Jesus is Baptised. Pouring cold water on my God thoughts.
Baptism – the right to catechise a child.
I don’t remember my baptism but I do know that what I learned of the catechism, by heart, from the age of 5, has stuck. Or it did stick until recently. I’ve not forgotten it but I now see how the answers to questions nobody else asked me in the next 60 years have sat heavily and undigested in a corpulent, almost inert, soul. Once I had been baptised, I could be catechised.
God is everywhere and unchanging. Really?
I learned that God is the biggest and the best so much so that he is unchanging and everywhere. I remember learning this when I was five. The idea stuck and only now, sixty years later do I see how this concept of an unchanging God left little room for a living relationship with God. It was not just because I lived my childhood in Glasgow that I was brought up in a fog. The urge was felt by many to impart doctrine as if it were nourishment for the spiritual life . I was fed a spiritual Atkins’ diet – all meat and fat, no fruit or veg.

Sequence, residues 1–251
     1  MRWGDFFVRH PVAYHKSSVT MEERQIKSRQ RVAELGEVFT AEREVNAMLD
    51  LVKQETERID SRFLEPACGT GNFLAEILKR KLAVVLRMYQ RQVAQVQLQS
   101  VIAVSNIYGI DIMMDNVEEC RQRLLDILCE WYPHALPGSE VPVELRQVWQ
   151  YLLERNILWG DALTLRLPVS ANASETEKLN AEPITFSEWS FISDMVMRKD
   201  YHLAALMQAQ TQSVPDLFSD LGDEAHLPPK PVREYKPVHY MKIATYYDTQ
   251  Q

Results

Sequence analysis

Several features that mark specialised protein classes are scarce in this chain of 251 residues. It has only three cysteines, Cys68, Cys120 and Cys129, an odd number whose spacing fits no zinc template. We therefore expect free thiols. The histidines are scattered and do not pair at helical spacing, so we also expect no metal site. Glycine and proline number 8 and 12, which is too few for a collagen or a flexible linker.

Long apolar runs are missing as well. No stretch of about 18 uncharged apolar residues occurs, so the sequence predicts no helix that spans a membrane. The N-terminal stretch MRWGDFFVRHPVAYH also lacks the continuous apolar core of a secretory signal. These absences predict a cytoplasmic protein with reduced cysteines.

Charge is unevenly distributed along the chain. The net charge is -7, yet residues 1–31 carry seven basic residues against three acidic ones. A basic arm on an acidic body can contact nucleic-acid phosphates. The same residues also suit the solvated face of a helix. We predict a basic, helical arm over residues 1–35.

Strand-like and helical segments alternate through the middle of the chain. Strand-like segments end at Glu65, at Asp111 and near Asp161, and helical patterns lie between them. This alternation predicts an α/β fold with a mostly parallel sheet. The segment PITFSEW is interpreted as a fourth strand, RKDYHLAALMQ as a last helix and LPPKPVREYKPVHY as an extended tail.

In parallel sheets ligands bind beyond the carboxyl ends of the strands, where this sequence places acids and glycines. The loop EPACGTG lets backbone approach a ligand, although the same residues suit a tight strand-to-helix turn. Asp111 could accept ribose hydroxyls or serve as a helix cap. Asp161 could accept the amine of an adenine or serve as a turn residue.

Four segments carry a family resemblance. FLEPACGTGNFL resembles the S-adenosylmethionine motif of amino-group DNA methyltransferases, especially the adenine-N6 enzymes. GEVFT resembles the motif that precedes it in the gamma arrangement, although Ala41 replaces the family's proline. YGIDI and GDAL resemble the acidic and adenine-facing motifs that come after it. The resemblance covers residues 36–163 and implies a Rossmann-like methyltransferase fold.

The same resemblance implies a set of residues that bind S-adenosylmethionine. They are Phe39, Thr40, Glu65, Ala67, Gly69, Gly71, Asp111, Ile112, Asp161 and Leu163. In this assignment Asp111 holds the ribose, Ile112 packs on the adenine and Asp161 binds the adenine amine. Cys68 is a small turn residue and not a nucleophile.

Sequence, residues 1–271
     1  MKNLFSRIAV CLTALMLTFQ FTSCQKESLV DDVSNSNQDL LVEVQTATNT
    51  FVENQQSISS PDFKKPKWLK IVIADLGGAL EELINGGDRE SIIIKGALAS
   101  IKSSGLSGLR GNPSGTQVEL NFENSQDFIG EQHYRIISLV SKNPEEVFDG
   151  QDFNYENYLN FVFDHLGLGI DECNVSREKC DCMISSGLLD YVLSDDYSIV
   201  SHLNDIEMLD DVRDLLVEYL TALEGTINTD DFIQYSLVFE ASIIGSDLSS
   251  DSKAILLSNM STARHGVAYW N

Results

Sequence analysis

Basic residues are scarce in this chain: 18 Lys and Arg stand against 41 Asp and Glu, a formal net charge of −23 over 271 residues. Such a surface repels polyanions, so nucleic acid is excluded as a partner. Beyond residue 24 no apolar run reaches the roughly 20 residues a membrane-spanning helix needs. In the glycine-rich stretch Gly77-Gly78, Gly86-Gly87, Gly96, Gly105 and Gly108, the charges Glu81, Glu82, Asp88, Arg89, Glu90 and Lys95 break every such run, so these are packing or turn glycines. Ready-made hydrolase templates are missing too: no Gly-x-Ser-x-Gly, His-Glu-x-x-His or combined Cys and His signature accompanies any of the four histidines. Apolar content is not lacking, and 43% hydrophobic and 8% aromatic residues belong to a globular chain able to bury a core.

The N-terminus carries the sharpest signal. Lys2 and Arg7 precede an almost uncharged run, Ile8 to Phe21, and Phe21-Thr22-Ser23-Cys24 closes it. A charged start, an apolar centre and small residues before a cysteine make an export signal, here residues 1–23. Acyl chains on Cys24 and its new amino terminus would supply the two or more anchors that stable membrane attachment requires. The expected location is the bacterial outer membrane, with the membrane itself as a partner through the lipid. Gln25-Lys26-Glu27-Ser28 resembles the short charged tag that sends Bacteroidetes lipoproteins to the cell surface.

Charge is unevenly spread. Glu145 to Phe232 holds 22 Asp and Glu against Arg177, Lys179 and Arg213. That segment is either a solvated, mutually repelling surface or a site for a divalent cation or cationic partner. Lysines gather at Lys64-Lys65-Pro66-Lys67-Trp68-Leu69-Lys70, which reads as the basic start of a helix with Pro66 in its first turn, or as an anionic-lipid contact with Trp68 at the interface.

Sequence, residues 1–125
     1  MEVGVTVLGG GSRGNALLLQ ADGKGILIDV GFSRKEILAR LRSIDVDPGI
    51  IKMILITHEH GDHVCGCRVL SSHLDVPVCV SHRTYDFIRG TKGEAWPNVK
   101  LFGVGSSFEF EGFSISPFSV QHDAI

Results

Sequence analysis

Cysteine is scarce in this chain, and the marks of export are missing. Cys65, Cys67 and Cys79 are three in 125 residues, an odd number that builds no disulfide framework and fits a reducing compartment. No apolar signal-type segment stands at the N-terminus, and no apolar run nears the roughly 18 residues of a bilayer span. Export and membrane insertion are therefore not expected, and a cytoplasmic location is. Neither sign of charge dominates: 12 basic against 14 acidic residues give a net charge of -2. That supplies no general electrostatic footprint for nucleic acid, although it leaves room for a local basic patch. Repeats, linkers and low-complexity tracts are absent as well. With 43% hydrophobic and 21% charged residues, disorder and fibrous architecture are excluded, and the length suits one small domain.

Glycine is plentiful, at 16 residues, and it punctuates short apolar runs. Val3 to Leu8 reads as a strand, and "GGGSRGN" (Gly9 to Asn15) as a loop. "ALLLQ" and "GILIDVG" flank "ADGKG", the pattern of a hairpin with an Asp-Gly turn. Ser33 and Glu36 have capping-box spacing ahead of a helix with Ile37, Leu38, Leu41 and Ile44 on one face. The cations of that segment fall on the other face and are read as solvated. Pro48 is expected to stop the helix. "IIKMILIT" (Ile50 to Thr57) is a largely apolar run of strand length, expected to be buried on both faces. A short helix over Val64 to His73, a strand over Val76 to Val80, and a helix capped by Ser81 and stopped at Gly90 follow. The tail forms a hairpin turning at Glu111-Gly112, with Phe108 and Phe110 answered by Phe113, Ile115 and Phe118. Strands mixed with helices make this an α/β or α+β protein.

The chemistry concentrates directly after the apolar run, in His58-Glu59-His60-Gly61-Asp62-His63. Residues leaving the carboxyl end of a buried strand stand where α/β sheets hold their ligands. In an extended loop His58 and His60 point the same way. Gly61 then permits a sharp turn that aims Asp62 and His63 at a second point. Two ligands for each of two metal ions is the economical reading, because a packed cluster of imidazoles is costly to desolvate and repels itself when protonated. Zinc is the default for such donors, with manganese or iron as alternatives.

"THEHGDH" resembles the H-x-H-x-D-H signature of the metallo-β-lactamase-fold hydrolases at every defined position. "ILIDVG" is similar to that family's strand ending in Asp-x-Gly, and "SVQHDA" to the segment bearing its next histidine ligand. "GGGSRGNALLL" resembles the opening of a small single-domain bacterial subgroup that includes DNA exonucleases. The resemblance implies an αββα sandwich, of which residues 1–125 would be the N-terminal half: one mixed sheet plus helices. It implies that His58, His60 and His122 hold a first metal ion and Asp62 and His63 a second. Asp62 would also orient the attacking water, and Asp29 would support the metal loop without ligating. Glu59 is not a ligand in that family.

Doctrine became the sculpture of God in man’s own words. This is now fully acknowledged in the new Catechism which says that ” Our human words always fall short of the mystery of God. ” (42) In this Catechism the only mention I have found of God as unchanging (260) is a quote from Blessed Elizabeth of the Trinity, a mystic’s prayer where “unchanging” refers, of course, to “constancy in love”. A living relationship with God is constantly changing, forever directed to light and love and fresh air, in which we are formed and reformed by the Spirit and God is moved by us and grows with us. God changes: we change.
The Baptism of Jesus